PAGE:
I'm an old suburban dad. Forgive me being behind the times.

Anonymous said...

On the era-appropriateness of Neal's dummy, don't forget Magic, one of those cultural touchstones that's usually overlooked when the era is recreated but whose classic trailer was as universal a reference as CHiPs or Pet Rocks. I can't recall for sure, but don't Sam and Bill mention the movie when Neal starts taking Morty to school?

Daniel's punk phase was a terrific move on the show's part--you were right in the earlier discussion, it fits right in with his constantly emphasized yearning to change, and explains why his later bonding with the Geeks doesn't come from left field. Though I find it a bit pat that it's played as so wrapped up in his attraction for a girl. Yeah, it fits Daniel's look-for-the-easy-out style, but I thought his abandonment of the culture was a bit abrupt. Nice that however blase his demeanor Ken manages to enjoy himself pretty much anywhere beer is available.

Have to agree that Rerun Dance is slightly funnier than Bionic Woman Dressup.

And I agree that the closing scenes are perfectly scored, but wasn't this one of the instances where the original musical cue had to be scrapped due to rights? I didn't catch the episode till it came on DVD (watched the series on NBC but not ABC Family), but I believe the commentary mentions having to replace a Neil Young song originally used.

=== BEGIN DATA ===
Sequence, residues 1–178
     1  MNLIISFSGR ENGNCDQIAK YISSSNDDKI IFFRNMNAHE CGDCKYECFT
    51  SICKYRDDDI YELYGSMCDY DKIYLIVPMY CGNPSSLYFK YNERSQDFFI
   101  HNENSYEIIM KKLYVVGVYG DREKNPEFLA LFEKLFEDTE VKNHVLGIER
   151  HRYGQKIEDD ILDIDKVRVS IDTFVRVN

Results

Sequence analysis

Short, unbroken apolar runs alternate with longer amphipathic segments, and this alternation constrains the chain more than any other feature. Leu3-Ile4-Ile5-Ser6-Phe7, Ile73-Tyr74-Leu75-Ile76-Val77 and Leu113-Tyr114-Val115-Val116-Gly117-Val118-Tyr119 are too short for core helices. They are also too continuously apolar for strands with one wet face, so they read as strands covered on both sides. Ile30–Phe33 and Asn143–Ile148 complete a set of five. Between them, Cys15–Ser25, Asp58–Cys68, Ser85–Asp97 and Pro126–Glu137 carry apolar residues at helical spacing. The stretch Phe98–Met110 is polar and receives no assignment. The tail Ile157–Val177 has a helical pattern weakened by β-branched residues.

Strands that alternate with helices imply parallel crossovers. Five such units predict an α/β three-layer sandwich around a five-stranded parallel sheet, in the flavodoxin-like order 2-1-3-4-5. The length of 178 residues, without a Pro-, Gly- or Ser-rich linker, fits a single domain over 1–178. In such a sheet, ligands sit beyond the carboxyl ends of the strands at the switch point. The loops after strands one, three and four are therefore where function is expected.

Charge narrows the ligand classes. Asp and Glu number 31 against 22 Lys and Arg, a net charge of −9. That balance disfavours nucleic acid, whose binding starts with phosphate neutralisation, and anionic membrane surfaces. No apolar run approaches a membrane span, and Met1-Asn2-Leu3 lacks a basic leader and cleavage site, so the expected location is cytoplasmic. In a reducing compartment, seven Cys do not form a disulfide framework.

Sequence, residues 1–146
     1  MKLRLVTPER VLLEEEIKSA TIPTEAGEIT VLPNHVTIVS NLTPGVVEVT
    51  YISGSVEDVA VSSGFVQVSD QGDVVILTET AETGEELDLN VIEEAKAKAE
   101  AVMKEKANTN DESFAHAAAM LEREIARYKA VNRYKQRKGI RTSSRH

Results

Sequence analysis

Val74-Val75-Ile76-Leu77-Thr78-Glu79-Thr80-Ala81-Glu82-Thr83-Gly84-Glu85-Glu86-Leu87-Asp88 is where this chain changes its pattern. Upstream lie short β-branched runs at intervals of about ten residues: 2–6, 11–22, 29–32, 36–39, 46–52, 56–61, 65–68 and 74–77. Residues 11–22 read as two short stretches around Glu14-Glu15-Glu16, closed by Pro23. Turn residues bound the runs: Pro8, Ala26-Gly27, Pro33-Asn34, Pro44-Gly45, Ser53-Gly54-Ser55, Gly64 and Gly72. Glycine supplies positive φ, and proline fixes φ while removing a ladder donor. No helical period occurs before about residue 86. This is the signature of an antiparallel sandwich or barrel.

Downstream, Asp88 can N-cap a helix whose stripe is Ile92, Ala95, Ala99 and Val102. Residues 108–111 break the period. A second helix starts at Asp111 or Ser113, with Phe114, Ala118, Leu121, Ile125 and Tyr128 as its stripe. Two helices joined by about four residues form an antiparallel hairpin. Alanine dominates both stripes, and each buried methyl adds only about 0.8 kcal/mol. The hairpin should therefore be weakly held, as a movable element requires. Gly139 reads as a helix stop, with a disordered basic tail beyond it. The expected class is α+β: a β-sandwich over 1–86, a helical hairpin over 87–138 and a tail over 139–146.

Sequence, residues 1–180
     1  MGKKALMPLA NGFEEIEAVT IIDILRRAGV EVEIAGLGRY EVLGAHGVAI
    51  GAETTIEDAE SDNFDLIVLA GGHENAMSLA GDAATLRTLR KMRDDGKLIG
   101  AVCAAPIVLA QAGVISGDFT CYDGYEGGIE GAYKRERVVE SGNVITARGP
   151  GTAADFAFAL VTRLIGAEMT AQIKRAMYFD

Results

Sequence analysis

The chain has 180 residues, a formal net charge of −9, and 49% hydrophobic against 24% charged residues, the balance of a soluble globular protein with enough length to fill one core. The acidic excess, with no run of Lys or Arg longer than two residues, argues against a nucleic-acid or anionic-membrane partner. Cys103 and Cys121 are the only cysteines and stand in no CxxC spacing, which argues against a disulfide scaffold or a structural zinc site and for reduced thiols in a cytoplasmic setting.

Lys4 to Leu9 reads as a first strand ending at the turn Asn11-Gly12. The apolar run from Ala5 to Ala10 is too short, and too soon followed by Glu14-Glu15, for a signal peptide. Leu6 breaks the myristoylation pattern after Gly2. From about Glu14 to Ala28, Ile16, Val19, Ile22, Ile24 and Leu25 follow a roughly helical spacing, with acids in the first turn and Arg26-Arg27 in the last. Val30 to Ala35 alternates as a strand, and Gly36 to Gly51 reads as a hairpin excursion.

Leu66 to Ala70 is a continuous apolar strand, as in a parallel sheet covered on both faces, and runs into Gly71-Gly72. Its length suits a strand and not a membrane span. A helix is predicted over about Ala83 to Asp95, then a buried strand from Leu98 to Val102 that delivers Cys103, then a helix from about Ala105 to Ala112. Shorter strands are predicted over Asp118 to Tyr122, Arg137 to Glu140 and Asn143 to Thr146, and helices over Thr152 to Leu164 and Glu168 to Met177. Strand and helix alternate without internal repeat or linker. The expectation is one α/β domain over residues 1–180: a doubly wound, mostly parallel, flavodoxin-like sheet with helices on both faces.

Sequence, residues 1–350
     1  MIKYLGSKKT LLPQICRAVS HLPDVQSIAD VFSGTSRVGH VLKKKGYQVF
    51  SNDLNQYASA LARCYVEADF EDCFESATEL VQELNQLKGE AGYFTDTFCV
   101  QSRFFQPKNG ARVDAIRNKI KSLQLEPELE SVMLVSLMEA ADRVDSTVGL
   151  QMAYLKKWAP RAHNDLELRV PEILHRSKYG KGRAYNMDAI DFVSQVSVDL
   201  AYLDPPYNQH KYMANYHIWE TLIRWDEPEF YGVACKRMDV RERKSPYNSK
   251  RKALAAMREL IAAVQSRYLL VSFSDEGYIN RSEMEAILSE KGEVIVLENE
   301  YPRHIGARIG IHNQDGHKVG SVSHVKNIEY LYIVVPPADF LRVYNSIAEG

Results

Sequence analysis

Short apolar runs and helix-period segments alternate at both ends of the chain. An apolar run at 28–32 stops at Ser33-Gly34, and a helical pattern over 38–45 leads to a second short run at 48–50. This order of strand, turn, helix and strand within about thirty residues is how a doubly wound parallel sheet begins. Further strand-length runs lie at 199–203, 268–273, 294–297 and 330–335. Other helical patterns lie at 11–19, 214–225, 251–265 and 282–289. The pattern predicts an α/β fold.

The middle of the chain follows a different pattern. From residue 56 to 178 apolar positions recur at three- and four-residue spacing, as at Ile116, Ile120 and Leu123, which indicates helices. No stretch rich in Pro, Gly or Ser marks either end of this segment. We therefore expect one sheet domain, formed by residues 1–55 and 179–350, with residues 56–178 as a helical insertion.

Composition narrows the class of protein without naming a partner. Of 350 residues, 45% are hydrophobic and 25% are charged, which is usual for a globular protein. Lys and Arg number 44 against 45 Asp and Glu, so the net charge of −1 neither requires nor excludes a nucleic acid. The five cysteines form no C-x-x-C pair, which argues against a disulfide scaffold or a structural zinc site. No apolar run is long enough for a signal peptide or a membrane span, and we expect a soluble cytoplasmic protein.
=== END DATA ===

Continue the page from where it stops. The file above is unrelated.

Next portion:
Unknown said...

I know there was a lot to get to in this episode, but I'm surprised there was no mention of the drunken Weirs. I love how much Flaherty loves Neil's act; and Becky Ann Baker trying to find the car key to give to Lindsay, then giving up and handing her the whole ring never fails to crack me up. Three recaps in five days. You're spoiling us.

Alan Sepinwall said...

I can't recall for sure, but don't Sam and Bill mention [Magic] when Neal starts taking Morty to school?

Yup. That's why Bill's scared of it.

I know there was a lot to get to in this episode, but I'm surprised there was no mention of the drunken Weirs.

Hey, I included the picture. But, yeah, I intended to write something. It was just getting really long, even by F&G Rewind standards.

Then again, I imagine my finale recap is going to take me, like, three weeks to finish.

rhamilton said...

I think the whole "Neal, you've got to get over to their house more often" - "Believe me, I'm trying" dialogue revealed that Neal's thing for Lindsay was open knowledge between the two brothers. Barry comes across very well in this episode, but it always seemed to me that he had at least a little Vic in him.